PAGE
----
A special treat for Monkey Island
Ever since its introduction, I was (and still am) a fan of the Monkey Island
series. I had played all four games and wrote reviews here on MobyGames. The fourth Monkey Island
game, released in 2000, was to be the last game that LucasArts would make, since the company decided to move away from the adventure genre and focus more on the Star Wars universe. When I recently found out by reading a forum that LucasArts was going to do a game entitled The Secret of Monkey Island: Special Edition
, the first thing that I did was go to the web site for the game to take a look at the screenshots and do other things there. Then, I went back and played the original game
(refer to as the “classic version” from now on.
After that was done, I downloaded the game via Steam and I was up. The first thing that I saw was the comparison between the title of that of the classic version and the new one. The lights at the base of the mountain are replaced with lit-up houses and a few ships. Your character Guybrush starts off at the docks, like he did in the classic version. The view is breathtaking. There is now a huge moon hovering above the moving ocean, and behind the SCUMM bar are the houses you see in the intro. There bit of outdoor scenes in the game, and that moon is still visible in those scenes.
I enjoyed talking to Spiffy the dog (Now you get a close-up of him.) It is funny how Guybrush uses dog language such as “Woof!” and “Yip. Yip. Yip”. LucasArts previously decided not to do a close-up of Spiffy in the disk version due to lack of disk space. The game was also released on CD-ROM, so there there was no reason why Lucas didn't include the close-up in that version.
I still like sword-fighting pirates and throwing insults to help finish the trials, and hearing how those insults sound like. Actually, one of the other things that I did on LucasArt's web site for the game was play a little mini-game that allowed you to throw insults at pirates, so I got a good idea how they would sound like in the game. I just felt that mini-game would be better, not just pictures of Guybrush fighting while he insults.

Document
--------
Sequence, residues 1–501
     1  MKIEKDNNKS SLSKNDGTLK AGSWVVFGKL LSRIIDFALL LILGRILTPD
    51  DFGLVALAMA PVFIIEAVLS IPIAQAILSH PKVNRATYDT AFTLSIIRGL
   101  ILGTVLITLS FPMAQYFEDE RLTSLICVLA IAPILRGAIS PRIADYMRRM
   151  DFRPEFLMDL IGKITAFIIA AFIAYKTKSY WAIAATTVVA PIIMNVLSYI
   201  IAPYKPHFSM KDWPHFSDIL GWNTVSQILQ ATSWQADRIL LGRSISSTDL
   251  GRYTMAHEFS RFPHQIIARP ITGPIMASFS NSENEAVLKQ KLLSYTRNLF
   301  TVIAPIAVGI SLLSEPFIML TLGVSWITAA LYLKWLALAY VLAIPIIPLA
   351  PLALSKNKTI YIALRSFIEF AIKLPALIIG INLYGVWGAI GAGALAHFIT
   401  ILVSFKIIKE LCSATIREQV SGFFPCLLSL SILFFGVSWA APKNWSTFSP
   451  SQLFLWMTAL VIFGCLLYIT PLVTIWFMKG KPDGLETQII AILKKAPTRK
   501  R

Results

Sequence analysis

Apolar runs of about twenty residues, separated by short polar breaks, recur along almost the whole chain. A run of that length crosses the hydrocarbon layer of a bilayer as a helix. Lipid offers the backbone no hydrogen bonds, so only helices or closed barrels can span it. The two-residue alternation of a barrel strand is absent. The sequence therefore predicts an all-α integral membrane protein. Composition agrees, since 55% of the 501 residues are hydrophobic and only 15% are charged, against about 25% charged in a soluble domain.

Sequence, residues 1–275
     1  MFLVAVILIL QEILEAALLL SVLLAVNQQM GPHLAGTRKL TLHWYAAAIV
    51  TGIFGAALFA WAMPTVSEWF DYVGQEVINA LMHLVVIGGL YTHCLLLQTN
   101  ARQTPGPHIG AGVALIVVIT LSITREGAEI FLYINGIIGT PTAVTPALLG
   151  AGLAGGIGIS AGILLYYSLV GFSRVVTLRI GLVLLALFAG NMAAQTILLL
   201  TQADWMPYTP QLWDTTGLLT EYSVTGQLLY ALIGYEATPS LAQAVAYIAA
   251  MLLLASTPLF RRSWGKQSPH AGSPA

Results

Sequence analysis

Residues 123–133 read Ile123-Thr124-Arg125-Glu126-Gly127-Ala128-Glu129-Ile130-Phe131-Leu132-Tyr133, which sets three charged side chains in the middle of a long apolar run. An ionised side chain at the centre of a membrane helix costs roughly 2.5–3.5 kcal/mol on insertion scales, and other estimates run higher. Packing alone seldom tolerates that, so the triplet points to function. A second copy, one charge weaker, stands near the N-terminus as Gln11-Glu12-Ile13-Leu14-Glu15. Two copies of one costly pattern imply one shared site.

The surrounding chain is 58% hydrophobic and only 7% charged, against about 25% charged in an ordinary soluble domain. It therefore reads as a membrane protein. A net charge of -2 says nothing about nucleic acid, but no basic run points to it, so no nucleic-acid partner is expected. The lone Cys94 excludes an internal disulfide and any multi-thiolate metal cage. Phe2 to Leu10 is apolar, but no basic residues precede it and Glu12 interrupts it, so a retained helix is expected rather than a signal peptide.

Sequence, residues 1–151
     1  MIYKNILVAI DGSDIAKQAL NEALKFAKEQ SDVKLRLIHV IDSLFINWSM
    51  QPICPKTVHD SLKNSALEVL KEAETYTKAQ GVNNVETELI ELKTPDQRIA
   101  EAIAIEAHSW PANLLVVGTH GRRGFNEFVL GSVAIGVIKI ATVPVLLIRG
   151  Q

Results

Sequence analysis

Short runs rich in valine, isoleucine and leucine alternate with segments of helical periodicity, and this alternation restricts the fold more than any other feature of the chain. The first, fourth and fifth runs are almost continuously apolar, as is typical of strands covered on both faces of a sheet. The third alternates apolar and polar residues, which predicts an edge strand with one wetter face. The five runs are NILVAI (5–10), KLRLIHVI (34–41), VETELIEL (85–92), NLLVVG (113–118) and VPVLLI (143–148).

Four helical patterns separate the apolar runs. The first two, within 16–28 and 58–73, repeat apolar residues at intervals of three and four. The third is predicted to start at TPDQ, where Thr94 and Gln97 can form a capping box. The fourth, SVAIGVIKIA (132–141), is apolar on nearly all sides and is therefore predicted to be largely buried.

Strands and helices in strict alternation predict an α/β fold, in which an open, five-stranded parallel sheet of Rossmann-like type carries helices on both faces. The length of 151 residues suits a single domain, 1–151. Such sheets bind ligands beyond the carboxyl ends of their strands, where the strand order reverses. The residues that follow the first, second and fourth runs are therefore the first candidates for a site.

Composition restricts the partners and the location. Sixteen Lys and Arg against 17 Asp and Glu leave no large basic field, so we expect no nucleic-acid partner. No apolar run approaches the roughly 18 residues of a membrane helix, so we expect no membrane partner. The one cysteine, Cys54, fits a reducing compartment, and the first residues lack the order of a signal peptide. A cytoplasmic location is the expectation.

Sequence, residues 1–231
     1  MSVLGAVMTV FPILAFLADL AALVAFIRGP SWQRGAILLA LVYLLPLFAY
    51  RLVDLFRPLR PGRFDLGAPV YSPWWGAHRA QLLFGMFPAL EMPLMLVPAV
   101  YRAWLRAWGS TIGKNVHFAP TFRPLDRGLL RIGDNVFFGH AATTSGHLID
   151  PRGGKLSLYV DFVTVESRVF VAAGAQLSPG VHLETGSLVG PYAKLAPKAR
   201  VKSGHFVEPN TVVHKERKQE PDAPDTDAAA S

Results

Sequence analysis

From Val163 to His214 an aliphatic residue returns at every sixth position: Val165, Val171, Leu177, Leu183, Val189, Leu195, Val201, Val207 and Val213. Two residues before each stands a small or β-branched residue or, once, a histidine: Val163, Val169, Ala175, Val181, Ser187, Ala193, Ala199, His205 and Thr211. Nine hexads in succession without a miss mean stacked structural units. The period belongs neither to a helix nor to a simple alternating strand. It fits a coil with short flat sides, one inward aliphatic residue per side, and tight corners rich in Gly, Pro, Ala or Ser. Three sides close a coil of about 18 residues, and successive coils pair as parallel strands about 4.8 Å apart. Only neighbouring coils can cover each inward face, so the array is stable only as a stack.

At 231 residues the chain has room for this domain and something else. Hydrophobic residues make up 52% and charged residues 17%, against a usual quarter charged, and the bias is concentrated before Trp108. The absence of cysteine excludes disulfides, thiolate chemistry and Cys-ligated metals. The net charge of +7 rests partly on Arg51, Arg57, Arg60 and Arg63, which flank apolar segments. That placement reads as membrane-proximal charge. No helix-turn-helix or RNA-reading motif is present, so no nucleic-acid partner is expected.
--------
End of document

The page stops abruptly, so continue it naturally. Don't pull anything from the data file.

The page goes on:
You can switch between the classic and special editions of the game. The classic is an exact replica of the CD-ROM version, complete with the lack of speech and CD-quality music. It is there in case you feel a little bit of nostalgia; but in my case, I like to switch to it if I am doing tasks that are impossible to do in the special edition (like swapping acid into different mugs before the mug melts or watching the storekeeper open his safe). When you do switch from special to classic, the graphics morphing into the classic version looks amazing, as does the graphics moving upwards so that the original commands appear. You can switch between modes at any time during the game, except when the credits appear at the start of the game.
The orchestral music sounds terrific, and sounds a lot superior to the music from the classic version. The ambient sound provides atmosphere to the game. The highlight for me is walking around the beaches and jungles of Monkey Island, listening to the actual sounds of the jungle.
An on-line hint system is included in the game, so that users that get far into the game and suddenly don't know what to do next can press a key to get a hint. I did not need to do this, because I already printed out a walk-through of the game.
The commands are not displayed at the bottom of the screen, so you are expected to press a key that corresponds to the first letter of the command in the classic edition, so press [P] on the keyboard means that you want to “Pick up” something. There is a problem with this technique. In some parts of the game, you have to push and pull things, so it is necessary to bring up the verb menu by pressing [V] and then selecting “Push” or “Pull. Same with the inventory. If you want to use something in your inventory on another object, you have to press [I] first. Because you have to do this, I had the tenancy to press the wrong key (eg: to bring up the verb menu instead of the inventory).
The Bottom LineMonkey Island SE
is a superb remake of the original game, with orchestral music, full speech throughout the game, and an on-line hint system. It also has the ability to switch between the classic and special editions of the game. If you want a bit of nostalgia or just want to do something that you are not able to do in the special edition, the classic edition is there for you if you need it.
Anyone who has played the original game may want to download the special edition just because it features everything that I have just mentioned, and with full voice support. Now except for Monkey Island 2
, most of the Monkey Island
games have speech throughout them.
Since LucasArts promised that there will be more to come if Monkey Island SE
sells – and I believe it certainly well – and as we were promised a sequel in the end credits, Lucas planning on doing a Monkey Island 2 SE
would be nice. I read on forums that they would rather see special editions of games that follow it, mainly Day of the Tentacle
and Sam & Max Hit the Road
. I am not sure if Lucas would want to go that far, though.